- If both categories dealt with by 9th Bipartite Settlement dated 27.04.2010 are further compared, the retirees prior to 01.11.2002 would be entitled to dearness relief on a tapering formula where the initial slab upto Rs.3550/- is to be governed by quotient of 0.24%. The tapering formula then ends with 0.06% of basic pension in excess of Rs.6010/-. The starting point is at a level of 0.24% while the end point tapers to 0.06%. The maximum advantage is sought to be given to those who are getting basic pension at lower levels of slab who would get the dearness relief at 0.24%. As against this, the retirees after 01.11.2002 are to be given dearness relief at a flat rate of 0.18% of the basic pension. Theoretically, the starting level for the retirees prior to 01.11.2002 is at a higher level of 0.24% as against the retirees after 01.11.2002. It could possibly be said that for those who are with basic pension in the region of Rs.6000/, on the basis of a tapering formula may well, in the ultimate analysis, average to the same level of 0.18%.
- The parity that was sought in the petition was not so much regarding applicability of same rate of 0.18% but was in respect of “flat rate” idea. If we were to simply borrow the same rate of 0.18% in the case of retirees prior to 01.11.2002, the concerned retirees may well be at a disadvantage. It will not therefore be correct to adopt and apply the same rate as is made applicable in case of post 01.11.2002 retirees.
- The tapering formula undoubtedly begins with 0.24% for the first segment of Rs.3550/- of basic pension and then progressively steps down and finally reaches the level of 0.06% where the basic pension is in excess of Rs.6010/-. What is devised by way of such tapering formula is higher rate at the lower levels of segments so that larger number of peoples would get maximum advantage and the rate thereafter keeps stepping down.
- Neither can we apply the rate of 0.18% which will then cause great harm and damage to the retirees nor can we adopt a flat rate of 0.24% for the entire amount of basic pension. The benefit which is sought to be conferred by the tapering formula lies in the averaging which comes to near about the same quantum as is given to the post 01.11.2002 retirees.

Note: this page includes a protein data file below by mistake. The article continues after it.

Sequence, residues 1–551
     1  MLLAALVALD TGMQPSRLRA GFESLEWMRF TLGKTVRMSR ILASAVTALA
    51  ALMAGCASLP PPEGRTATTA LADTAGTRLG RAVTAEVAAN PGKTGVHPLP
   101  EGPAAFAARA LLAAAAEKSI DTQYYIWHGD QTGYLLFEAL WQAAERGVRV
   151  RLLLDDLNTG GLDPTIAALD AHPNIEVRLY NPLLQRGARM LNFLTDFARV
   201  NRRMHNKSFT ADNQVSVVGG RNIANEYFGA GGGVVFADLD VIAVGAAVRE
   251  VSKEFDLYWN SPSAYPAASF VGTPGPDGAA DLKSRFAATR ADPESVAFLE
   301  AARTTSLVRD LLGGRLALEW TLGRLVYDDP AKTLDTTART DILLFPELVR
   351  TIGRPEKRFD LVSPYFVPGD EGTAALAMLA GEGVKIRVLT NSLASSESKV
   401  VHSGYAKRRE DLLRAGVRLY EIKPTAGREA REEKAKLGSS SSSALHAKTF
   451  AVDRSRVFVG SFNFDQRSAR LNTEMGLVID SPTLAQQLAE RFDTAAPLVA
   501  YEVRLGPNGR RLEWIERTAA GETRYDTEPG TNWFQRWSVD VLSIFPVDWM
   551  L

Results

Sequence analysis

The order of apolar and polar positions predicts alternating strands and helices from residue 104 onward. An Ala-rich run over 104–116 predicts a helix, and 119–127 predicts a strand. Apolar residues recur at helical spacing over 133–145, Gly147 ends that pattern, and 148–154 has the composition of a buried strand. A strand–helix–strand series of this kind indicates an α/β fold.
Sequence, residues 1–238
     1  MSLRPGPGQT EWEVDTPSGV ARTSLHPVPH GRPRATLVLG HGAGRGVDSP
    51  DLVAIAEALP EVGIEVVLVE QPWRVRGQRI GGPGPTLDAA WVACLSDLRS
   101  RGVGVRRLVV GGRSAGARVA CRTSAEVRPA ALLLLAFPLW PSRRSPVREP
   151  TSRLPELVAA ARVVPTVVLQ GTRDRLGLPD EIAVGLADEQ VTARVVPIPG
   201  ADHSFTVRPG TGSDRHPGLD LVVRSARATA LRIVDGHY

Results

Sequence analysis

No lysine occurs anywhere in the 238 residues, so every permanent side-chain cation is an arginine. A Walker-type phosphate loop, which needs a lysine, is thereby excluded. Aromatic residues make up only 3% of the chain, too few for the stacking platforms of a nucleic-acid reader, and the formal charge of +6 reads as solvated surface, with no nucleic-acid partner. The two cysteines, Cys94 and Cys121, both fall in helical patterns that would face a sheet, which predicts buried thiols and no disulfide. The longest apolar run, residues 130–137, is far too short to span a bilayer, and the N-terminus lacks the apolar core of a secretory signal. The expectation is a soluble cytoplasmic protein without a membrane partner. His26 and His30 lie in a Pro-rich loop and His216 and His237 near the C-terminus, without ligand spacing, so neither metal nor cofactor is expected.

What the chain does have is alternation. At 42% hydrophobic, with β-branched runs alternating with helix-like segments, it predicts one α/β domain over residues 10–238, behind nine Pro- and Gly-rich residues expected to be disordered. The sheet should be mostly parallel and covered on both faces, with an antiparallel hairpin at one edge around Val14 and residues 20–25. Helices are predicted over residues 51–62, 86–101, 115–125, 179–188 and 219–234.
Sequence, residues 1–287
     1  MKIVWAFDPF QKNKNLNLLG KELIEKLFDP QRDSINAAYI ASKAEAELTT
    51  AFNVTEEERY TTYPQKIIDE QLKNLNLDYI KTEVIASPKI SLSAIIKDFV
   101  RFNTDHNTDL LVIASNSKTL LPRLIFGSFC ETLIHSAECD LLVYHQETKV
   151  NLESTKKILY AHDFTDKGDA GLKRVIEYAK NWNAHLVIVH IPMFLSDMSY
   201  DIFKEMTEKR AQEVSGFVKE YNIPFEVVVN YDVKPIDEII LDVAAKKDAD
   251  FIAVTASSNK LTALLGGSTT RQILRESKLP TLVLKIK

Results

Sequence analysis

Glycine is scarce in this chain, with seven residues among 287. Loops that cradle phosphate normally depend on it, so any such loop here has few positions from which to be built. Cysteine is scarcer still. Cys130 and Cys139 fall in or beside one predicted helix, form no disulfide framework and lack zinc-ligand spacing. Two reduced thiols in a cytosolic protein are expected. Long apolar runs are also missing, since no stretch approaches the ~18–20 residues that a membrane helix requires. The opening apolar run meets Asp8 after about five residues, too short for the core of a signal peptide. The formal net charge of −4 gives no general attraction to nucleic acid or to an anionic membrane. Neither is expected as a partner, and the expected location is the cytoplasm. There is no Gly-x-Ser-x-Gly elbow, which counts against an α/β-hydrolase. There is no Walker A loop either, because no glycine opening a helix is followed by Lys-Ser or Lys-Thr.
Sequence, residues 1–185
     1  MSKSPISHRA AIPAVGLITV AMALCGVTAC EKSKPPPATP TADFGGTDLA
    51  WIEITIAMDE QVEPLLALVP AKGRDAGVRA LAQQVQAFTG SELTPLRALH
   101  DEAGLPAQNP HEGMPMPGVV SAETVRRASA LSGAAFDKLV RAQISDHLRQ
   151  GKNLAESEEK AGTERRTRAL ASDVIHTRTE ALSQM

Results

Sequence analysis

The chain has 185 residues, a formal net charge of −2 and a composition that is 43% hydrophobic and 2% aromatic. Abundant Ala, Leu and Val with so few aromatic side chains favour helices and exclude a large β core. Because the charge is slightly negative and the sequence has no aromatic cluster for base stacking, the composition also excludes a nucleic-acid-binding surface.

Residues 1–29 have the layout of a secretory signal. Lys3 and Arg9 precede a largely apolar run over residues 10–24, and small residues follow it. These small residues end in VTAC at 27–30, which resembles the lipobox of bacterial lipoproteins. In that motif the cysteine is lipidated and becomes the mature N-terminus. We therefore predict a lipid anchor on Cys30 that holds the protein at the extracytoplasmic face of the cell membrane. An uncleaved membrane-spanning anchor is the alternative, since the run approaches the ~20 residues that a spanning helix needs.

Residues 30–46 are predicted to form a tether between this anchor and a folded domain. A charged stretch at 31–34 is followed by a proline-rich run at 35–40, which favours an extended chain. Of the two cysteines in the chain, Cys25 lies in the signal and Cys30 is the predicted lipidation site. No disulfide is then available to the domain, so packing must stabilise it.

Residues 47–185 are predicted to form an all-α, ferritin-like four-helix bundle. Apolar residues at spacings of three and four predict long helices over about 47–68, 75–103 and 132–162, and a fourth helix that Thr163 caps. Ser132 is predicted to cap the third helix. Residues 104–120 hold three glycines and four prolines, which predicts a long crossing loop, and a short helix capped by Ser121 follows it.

- If we adopt a flat rate of 0.24% as is being prayed for, the class of retirees who retired before 01.11.2002 will stand conferred better rate than those employees who retired after 01.11.2002. Nor can we apply a flat rate of 0.18% for them. Each class is governed by distinct and different parameters. These are all matters of policy making.
- The conferral of advantages of benefits on two different classes of retirees has a completely distinct formula and rates and it would not be possible to have a synthesis on any count or to put both the sets of retirees on any common parameters. Both classes are distinct and do not form a homogenous group. It would be extremely difficult and hazardous to adopt a flat rate as is sought to be projected. It is not a case of creating a class within a class.
- In our view both the categories of retirees, namely, pre November 2002 and post November, 2002 stand on different footing, the parameters which govern the computation of dearness relief are also on a different level.